A Passel of Hymns

Not long ago two different people asked me whether I had ever written any sacred music. My stock answer to that question is No, mainly because frankly I feel unworthy to compose music for use in worship — there is already so much good sacred music that’s been written over the centuries that I feel inadequate even to equal it, much less to improve upon it. I hope that maybe I am only honing my skills in this life so that I can compose worthy music in the next.

Be that as it may, I did remember that I went through a hymn-writing phase once as a youngster, and for better or worse (you be the judge of that) I discovered that most of my scribblings are still extant and were stashed away in an old file drawer. As best I recall I wrote these hymns when I was about 16 years old — so long ago that not only are several of the texts missing so that I’ve no idea what words were being set, but also there are two or three that I don’t even recognize as having written. I’m not sure whether that’s a case simply of old age or of denial. These were all basically four-part hymns (with some rather interesting harmonies and rhythms thrown in here and there) and were originally designed to be sung a cappella. For the audio files below, however, I had the computer play them back on organ since computer “choirs” sound even less human. Your mind will have to extrapolate how they should sound with actual voices.

Most of these certainly serve only as examples of an immature composer who’d not even yet had freshman music theory, but since people asked.... The only ones I feel are worth much more than a quick listen (and admittedly, most aren’t worth even that) are Hymn 7 (Psalm xxii), because all four parts can be treated equally and interchanged at will (though only the “straight” form is given in the audio sample); and Hymns 4 and 16 (“Lift Up Your Hearts!” and “All the World Shall Come to Know Him,” respectively) , which are simply some of my favorites of the lot.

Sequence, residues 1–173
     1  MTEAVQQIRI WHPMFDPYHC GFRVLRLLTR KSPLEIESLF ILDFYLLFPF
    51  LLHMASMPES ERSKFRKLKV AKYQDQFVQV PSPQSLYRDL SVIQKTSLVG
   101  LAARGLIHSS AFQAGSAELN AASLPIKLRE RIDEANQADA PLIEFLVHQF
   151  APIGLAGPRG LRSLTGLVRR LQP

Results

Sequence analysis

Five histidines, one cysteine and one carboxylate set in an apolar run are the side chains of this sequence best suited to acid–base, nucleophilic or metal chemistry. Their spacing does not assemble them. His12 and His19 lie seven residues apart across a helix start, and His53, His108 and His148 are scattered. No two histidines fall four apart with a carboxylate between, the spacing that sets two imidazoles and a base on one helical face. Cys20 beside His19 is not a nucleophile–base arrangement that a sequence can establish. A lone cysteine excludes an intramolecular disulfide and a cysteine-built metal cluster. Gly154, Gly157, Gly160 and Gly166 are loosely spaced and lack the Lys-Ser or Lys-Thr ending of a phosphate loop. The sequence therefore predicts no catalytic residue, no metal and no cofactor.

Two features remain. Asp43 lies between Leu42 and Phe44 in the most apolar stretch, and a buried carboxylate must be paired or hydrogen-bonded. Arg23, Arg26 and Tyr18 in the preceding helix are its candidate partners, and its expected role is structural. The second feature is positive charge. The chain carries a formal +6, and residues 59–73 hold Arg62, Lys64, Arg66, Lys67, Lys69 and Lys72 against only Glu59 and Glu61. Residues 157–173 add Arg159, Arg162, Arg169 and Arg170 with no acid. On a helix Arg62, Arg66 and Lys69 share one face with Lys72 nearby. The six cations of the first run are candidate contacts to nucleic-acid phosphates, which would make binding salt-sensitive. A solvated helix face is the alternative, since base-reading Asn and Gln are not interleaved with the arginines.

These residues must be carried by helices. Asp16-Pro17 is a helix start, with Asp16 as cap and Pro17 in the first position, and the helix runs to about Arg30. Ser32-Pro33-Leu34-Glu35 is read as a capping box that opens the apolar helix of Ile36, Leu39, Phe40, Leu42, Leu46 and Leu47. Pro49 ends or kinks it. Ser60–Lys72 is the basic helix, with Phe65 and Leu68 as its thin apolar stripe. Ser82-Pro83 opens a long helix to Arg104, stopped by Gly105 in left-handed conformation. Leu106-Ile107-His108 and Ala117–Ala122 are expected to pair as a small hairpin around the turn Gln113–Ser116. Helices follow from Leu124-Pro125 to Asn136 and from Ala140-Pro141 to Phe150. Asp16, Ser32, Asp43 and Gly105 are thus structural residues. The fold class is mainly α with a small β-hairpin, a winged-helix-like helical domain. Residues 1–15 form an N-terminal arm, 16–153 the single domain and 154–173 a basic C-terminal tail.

Each sample is played through twice, not for any particularly cruel design but only because they are all so short. Times given are approximate, so don’t hold me to the exact second. If for some reason you would like to see any of the scores, feel free to contact me.

Hymn 1 (1:20)
(Text unknown)

Hymn 9 (2:04)
(Text unknown)

Hymn 2 (1:52)
(Text unknown)

Hymn 10 (1:22)
"Now That the Daylight Fills the Sky" (St. Ambrose)

Hymn 3 (0:40)
(Text unknown)

Hymn 11 (0:53)
"Christ, Whose Glory Fills the Skies" (Charles Wesley)

Hymn 4 (1:11)
"Lift Up Your Hearts!" (Henry Montagu Butler)

Hymn 12 (0:35)
"Lord, in This Thy Mercy's Day" (Isaac Williams)

Hymn 5 (0:44)
"Glory to Thee, in Light Arrayed" (Thomas Ken)

Hymn 13 (0:39)
"For Thy Mercy and Thy Grace" (Henry Downton)

Hymn 6 (0:32)
"On This Day, the First of Days" (Anon 18th. C.)

Hymn 14 (0:32)
(Text unknown)

Hymn 7 (1:25)
"Psalm xxii"

Hymn 15 (1:31)
(Text unknown)

Hymn 8 (0:52)
"Hear Us, Eternal King" (Eve Davieson)

Hymn 16 (1:42)
"All the World Shall Come to Know Him" (Israel Zangwill)

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